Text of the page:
• When thinking about Bitcoin, if your answer to the hypothetical question "what proof would it take to convince you it's hopeless" is "none", then you're a maximalist and aren't interested in discussing, but want to push an agenda. These questions are objective curiosities I'm seeking answers to, so that I too can start believing in the much advertised LN, or so that others can see the problems in it and fix it before it's too late.
  • I am not anti crypto. I run a crypto company for smart contract development, enterprise consulting, and crime investigation. I also run an altcoin brokerage. I have several dozen cryptos in my folio, and that includes both BTC and BCH. I think both are terribly, terribly flawed. What I'm trying to find out here is why people don't think the LN, in its current iteration, doesn't agument these flaws even further, given what I outlined in the questions.
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MeniRosenfeld commented Jan 26, 2018

  1. This represents a fundamental misunderstanding of how LN is supposed to work. Alice and Bob create a channel not just for direct transactions between Alice and Bob. Once they create a channel, Alice can route payments to other recipients (including those she has never met, transacted with only once, and never created a channel to) through the channel to Bob and the channels he has created. And also receive payments.

  2. LN can work either as a mesh or in a hub model.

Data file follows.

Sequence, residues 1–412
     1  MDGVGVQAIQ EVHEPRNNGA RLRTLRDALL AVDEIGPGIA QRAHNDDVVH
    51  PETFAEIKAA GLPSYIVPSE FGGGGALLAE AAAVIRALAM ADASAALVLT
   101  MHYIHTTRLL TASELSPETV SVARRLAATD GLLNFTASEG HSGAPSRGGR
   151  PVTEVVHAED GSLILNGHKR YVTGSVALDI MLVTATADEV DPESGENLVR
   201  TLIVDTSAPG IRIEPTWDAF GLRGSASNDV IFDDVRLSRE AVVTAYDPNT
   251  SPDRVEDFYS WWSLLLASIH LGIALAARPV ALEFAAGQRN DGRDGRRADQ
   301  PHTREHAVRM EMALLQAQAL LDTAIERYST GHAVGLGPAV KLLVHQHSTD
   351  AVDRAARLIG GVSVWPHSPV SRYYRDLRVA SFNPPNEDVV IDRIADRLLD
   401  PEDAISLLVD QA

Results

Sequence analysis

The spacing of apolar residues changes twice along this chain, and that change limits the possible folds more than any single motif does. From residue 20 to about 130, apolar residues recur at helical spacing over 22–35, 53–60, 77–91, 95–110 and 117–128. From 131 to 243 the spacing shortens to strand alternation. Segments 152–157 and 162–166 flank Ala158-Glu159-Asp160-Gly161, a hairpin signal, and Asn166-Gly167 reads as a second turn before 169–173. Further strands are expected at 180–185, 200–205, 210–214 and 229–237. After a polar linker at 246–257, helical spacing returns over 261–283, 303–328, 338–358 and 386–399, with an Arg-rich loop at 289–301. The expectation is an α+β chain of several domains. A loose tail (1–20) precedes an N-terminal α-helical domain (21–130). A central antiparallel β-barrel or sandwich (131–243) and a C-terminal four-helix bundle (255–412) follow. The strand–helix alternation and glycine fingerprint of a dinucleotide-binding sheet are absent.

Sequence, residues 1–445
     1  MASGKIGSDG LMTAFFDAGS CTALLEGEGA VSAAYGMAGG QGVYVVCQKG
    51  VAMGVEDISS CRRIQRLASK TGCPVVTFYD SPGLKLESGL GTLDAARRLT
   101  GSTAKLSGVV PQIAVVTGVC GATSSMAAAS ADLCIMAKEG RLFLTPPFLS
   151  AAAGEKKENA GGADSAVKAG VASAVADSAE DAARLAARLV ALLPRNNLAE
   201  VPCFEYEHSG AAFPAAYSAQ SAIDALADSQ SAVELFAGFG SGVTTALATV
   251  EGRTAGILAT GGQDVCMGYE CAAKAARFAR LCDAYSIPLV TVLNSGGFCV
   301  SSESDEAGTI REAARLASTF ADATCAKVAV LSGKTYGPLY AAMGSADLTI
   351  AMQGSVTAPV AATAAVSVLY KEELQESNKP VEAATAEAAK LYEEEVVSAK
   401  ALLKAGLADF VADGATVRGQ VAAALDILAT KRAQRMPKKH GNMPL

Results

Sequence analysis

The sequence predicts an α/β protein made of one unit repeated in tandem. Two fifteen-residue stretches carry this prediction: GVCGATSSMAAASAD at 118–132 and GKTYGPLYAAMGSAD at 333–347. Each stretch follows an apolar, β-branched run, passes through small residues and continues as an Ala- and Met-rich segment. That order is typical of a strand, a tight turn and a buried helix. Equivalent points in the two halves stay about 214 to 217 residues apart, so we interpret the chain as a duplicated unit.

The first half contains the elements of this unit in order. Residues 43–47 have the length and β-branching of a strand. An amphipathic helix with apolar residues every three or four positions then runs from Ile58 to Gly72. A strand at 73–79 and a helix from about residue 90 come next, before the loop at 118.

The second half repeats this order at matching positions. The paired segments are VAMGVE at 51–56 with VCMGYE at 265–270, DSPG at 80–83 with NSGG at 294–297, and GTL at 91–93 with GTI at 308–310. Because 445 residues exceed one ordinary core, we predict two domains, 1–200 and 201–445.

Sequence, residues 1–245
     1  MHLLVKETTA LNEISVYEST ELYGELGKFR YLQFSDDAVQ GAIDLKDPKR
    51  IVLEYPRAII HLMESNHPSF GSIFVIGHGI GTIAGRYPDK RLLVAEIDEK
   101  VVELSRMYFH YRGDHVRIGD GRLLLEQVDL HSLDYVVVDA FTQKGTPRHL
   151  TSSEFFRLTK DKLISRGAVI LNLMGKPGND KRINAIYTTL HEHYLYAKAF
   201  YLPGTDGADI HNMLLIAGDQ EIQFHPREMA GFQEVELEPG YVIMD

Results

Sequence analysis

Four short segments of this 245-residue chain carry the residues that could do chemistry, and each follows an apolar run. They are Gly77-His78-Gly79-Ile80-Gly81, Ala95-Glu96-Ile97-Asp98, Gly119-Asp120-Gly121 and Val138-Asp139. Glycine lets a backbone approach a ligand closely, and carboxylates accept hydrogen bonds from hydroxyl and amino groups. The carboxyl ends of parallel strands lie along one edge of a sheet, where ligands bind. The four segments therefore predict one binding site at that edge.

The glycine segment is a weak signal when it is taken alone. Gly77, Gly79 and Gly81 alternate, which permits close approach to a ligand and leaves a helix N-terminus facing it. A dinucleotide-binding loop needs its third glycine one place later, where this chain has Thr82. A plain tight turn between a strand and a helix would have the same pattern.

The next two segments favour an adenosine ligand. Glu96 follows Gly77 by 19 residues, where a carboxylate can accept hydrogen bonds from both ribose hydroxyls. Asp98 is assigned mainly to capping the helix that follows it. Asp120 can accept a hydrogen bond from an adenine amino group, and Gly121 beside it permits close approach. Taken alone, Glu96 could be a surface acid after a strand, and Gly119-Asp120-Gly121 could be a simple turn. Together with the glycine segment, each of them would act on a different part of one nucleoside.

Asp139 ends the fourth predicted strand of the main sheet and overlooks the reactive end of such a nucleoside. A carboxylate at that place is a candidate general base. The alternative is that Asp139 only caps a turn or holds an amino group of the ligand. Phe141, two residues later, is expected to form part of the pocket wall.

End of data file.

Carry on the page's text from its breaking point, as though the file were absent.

In the mesh model, ever user opens channels to, say, 20 peers among the entire world population. The graph will be connected and there is no way for government to shut it down.

In the hub model, there will be, say, 10000 hubs connected between themselves, and each user will open a channel to 10 of them. Government will still find it difficult to shut them all down, and in case of problems the user can simply close the channels and reclaim the money. That's a huge difference from traditional banks and hosted wallets.

What you're also missing is that "Govt says you must do KYC" problem applies to raw Bitcoin too! They can go to nodes and tell them "you're broadcasting financial transactions, do KYC or shut down". The solution is to have too many Bitcoin nodes and too many Lightning hubs for this to be practical. Since starting a hub is so easy, no reason it shouldn't be this way.